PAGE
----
Deeply Dippy About the dinosaur

The fangs are out.

And the flippers are in.

                                     Who wouldn't want that in the front room?

The Natural History Museum has just announced that Dippy is being retired. The rather splendid cast of diplodocus is being removed and being replaced by the skeleton of the blue whale.

                                       Artist impression of the new entrance

But not after a fight. Some of us it seems, are rather fond of Dippy and are not going to let him go without a fight.

                                                             oldie but goldie

The plaster cast skeleton was a gift to the Museum from Andrew Carnegie (from Val McDermid and Ian Rankin country in the kingdom, of Fife) and he bears the name Diplodocuscarnegii for that reason.  At that time, 1905, he was the largest dinosaur known.

                                            bearded chappies nibbling canapes in wonder

Although there are other copies of Dippy... Dippy doubles…10 of them, decituplets? something… in Berlin, Paris and Milan, he is always associated with the Natural History Museum in London.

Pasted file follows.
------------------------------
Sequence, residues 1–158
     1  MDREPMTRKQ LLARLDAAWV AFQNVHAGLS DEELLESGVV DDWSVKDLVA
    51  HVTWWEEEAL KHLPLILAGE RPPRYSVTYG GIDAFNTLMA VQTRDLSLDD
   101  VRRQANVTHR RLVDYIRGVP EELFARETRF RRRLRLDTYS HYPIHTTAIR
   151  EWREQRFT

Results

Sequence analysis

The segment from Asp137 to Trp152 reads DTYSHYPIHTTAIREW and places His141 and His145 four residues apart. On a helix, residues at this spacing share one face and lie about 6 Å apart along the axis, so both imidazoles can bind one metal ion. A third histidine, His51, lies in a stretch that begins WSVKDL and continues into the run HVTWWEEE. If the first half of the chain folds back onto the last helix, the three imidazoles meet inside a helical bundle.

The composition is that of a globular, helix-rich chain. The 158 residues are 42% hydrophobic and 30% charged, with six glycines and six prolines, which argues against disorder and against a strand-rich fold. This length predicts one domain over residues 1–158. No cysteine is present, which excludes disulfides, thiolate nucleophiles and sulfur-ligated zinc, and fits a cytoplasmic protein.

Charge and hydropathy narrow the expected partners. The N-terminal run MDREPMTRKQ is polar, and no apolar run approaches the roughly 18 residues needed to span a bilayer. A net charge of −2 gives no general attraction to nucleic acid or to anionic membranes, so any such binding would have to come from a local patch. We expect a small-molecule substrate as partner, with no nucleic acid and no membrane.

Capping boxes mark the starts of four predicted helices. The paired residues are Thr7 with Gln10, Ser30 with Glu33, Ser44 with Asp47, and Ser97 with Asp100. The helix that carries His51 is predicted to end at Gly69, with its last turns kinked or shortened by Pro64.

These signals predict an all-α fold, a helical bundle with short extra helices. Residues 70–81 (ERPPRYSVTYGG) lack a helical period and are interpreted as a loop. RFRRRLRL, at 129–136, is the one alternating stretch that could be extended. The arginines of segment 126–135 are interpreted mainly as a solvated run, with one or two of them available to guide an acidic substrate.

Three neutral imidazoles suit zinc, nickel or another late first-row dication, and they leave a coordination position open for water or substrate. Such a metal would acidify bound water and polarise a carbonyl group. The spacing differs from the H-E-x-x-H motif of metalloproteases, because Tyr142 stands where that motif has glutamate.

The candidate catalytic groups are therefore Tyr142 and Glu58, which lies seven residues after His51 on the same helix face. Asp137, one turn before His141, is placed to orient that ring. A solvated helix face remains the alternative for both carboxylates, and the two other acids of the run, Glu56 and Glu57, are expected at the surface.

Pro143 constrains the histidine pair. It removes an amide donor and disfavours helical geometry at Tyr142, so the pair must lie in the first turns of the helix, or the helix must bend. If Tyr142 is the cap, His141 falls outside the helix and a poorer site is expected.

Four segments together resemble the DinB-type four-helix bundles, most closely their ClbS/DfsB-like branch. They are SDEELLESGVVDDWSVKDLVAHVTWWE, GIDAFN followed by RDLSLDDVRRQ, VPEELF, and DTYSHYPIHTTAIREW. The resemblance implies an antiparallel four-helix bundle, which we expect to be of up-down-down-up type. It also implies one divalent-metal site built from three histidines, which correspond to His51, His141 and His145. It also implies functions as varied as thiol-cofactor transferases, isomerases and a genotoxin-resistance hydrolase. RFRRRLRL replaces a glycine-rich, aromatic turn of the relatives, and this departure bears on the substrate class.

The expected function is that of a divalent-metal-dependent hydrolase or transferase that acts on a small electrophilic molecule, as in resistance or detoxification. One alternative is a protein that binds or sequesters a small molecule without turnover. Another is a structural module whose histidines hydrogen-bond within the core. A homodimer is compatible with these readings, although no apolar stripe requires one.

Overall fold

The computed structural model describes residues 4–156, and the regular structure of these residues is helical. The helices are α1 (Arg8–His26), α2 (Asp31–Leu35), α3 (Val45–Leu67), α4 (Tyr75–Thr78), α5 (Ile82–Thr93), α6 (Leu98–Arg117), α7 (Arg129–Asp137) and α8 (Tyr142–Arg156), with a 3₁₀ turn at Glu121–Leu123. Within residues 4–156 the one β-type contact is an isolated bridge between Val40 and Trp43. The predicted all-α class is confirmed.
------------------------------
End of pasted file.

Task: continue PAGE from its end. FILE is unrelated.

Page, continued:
He has taken pride of place in the main hall since 1979 and he reflects the beautiful architecture around him. He seems to fit in a way that I’m not a blue whale would.

Dippy has appeared in numerous films and documentaries and is a bit of a star in his own right. He had his own twitter account, 'save Dippy' is trending in the world of hashtags.  Petitions are being signed to keep him or her in place. (it is impossible to sex the diplodocus ... but as long as Dippy  or Miss Dippy himself knows the difference that’s all that matters.)

Rumours are now abounding that the Museum have ill judged the denizens depth of devotion to Dippy.

Dippy fits the Monty Python theory of the dinosaur 
ie small at each end and big in the middle